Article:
I assume your background is weighted towards Windows or MacOS. All I see is technical debt [soylentnews.org], Not Invented Here [soylentnews.org], "WTF is RFC5452? [soylentnews.org]" and "Do you hate [google.com] disabled people? [youtube.com]"

              Yet the chaining of events creates a giant storm of bad in/bad out sometimes.

              Computer pioneers usually had a mathematical background, so stuff like y=f(g(h(x))) was bandied around without having to consider implementation details such as exception processing. However, when foo | bar | baz is stateful or starts spewing garbage, it falls outside of this mathematical paradise.

              It will be 10 years before whatever systemd ends up being, that it finally calms down and people undo the damage and creates a decent consistent startup/service interface out of it.

              We just cannot determine what it will be yet and that alone makes it unsuitable for deployment on stable systems. Regardless, deployments will be cracked. Repeatedly. This isn't an academic issue or an opportunity for schadenfreude. Some of those systems may contain my private information and your private information.

              --
              1702845791×2
      • (Score: 2) by maxwell demon on Wednesday November 19 2014, @09:26PM

        by maxwell demon (1608) on Wednesday November 19 2014, @09:26PM (#117854) Journal

        I cry foul in that GNOME was always a laughing stock, from day one.

        I disagree. Gnome 1 was great. I've used it by choice, on a distribution that defaulted to KDE. Gnome 2 was a big step back, but I kept using it due to inertia. But then there came Gnome 3. My inertia is not without limits.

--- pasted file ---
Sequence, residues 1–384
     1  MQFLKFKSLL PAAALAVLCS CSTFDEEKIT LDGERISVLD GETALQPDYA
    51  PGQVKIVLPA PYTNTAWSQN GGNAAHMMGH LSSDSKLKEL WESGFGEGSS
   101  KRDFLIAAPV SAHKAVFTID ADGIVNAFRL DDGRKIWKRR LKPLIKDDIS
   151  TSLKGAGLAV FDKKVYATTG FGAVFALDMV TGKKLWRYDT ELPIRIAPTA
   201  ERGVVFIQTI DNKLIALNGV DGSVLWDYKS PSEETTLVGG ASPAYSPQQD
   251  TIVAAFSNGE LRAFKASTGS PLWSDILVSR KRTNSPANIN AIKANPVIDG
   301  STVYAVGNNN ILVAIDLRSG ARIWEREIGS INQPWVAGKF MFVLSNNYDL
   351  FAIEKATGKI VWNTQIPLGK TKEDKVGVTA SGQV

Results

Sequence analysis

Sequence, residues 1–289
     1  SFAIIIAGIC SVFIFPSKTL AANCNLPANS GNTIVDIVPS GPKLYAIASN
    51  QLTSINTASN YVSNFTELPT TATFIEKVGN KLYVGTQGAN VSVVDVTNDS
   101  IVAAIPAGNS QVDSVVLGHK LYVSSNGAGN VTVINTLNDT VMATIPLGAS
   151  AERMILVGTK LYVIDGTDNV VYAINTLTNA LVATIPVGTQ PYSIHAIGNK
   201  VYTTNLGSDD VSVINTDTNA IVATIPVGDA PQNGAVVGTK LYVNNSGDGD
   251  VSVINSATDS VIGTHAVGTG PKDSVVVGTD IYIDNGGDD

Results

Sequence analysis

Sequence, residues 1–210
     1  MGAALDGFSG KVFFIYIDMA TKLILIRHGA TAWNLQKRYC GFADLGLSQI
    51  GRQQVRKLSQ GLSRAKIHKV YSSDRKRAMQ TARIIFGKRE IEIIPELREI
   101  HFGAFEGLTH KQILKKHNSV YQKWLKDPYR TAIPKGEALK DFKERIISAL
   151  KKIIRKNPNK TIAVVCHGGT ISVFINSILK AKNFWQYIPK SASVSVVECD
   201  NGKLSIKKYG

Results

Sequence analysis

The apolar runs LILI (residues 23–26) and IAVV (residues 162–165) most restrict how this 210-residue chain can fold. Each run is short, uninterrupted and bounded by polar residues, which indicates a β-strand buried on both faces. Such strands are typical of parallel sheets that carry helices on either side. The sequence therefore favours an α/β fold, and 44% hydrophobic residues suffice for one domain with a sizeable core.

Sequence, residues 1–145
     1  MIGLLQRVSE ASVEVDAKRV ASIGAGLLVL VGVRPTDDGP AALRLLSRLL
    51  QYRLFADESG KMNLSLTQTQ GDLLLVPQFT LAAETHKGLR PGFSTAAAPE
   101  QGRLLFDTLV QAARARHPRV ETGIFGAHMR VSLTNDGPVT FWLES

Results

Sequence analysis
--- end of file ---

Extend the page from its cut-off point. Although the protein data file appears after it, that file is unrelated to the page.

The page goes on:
--
        The Tao of math: The numbers you can count are not the real numbers.
      • (Score: 2) by hendrikboom on Wednesday November 19 2014, @10:07PM

        by hendrikboom (1125) Subscriber Badge on Wednesday November 19 2014, @10:07PM (#117872) Homepage Journal

        Well, the ls command is huge:

        hendrik@notlookedfor:~$ ls -l /bin/ls
        -rwxr-xr-x 1 root root 121032 Oct 29 23:47 /bin/ls
        hendrik@notlookedfor:~$

        There must be something useful in all those K. Anybody know what?

        • (Score: 0) by Anonymous Coward on Wednesday November 19 2014, @11:16PM

          by Anonymous Coward on Wednesday November 19 2014, @11:16PM (#117893)

          It's probably statically linked, so it includes libc and other library code which adds to the size.

          It's done that way so that you can still use it, even when systemd has fucked up your system so badly that dynamic linking isn't working properly, or the shared libraries aren't available because systemd has refused to mount the partition or device containing them.

    • (Score: 0) by Anonymous Coward on Wednesday November 19 2014, @07:04PM

      by Anonymous Coward on Wednesday November 19 2014, @07:04PM (#117804)

      That's awesome...but we need to add a little "Red Hat" in the mix, if you get my drift.

    • (Score: 1) by curunir_wolf on Wednesday November 19 2014, @09:35PM

      by curunir_wolf (4772) on Wednesday November 19 2014, @09:35PM (#117861)